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Photos by Aleah Montoya and Perry Montoya

For years I’ve lapped around Indiana’s borders but never seemed to dive in. The wait is over. It was time to stop letting big brothers Illinois, Ohio and Michigan take front seat. Indiana is no second fiddle. Indeed, Indianapolis touts its airport as the best inside of either coast and in all of North America and has the awards to prove it IND is central to statewide locations and, though not a primary or secondary hub for any major airline, touts various direct flights and off-the-charts customer satisfaction.

Bloomington was the destination this time for Aleah (my photog/social media guru who doubles as my daughter) and me. About an hour via shuttle from IND, we traveled to Bloomington worry free with Go Express Travel which has extremely reasonable prices. Bloomington is Everytown, USA. I’d guess more people know about this part of Indiana than they realize. Bloomington is home to Indiana University and truly no trip to Indiana is complete without making it to I.U. Like so many before us, we were welcomed through I.U.’s formal entry way known as Sample Gates. These pillars of welcome are some of Indiana’s most highly photographed; standing there in the moment, Aleah was all but ready to apply to I.U.

PIC #2 Sample Gates Web Ready

Many would make the pilgrimage to I.U. just to see the Assembly Hall (venue of Hoosier legendary basketball) or perhaps for a gawk at the Little 500 track (of movie fame) and a nostalgic heart thump at the thrill of one’s own “Breaking Away”. Sold.

PIC #3 IU Soccer and Little 500 Web Ready

We toured I.U. with a small group and were treated to peeks of the baseball, football, soccer and basketball practice and game day facilities and stadiums (Bart Kaufman, Mellencamp, Memorial Stadium and Cook Hall respectively – Assembly Hall was under renovation and closed to visitor’s during our visit.) Google “I.U. Football” and the first two hits are for basketball and soccer respectively. But, don’t be fooled. Memorial Stadium has an electric feel even when empty.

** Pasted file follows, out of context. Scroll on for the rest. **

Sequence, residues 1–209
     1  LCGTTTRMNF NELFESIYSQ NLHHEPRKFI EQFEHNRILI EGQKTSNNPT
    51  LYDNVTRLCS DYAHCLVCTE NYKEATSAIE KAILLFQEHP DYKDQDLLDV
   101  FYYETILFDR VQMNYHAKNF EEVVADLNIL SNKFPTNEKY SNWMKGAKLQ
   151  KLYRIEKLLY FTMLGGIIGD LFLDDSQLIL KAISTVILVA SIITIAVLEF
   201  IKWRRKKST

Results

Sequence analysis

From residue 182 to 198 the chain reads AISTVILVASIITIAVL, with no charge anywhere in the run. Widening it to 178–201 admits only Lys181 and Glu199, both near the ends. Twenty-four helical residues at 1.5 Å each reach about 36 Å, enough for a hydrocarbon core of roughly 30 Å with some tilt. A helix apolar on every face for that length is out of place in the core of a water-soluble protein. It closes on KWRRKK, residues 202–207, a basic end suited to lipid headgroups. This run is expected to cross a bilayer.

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This is a college town! And college town means college town food. Nick’s English Hut is “a Bloomington tradition” says their website.

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Merriam Webster’s defines tradition as, “the handing down of information, beliefs, and customs by word of mouth or by example from one generation to another without written instruction” and that is precisely what’s happening at Nick’s. Waiters know the menu by heart. Businessmen sit beside students. All share a love for their “Sink the Biz” fries and choices from burgers to pizza to sandwiches. We couldn’t chose between the Stromboli and Italian Beef sandwiches so we got both and split them. Incredible!

If Nick’s isn’t enough of a draw, Buffalouie’s seemed to be on the tongue of locals and visitors alike.

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As their name suggests, Buffalouie’s is a wing haven to behold. They proudly tout being one of USA today’s top ten wing joints and their wings match the hype and then some. Perhaps the only flop with their flappers was when we tried to break our order into several sauces for a “snack” size and were rebuffed – pun intended. Also they have a charge for extra sauces and veggies which could have been looped into the price of our food (author’s note: I always wince at upcharges which I’d have gladly paid for in the price of the meal, but see as “nickel and dime” when required to be purchased à la carte. An additional charge for chips and salsa at a Mexican restaurant would be another good example of this foodie phobia). Try this place. Enjoy the Americana that adorns their walls. Go when it’s game week. Expect fresh, filling, fire and fun. Such was our outing.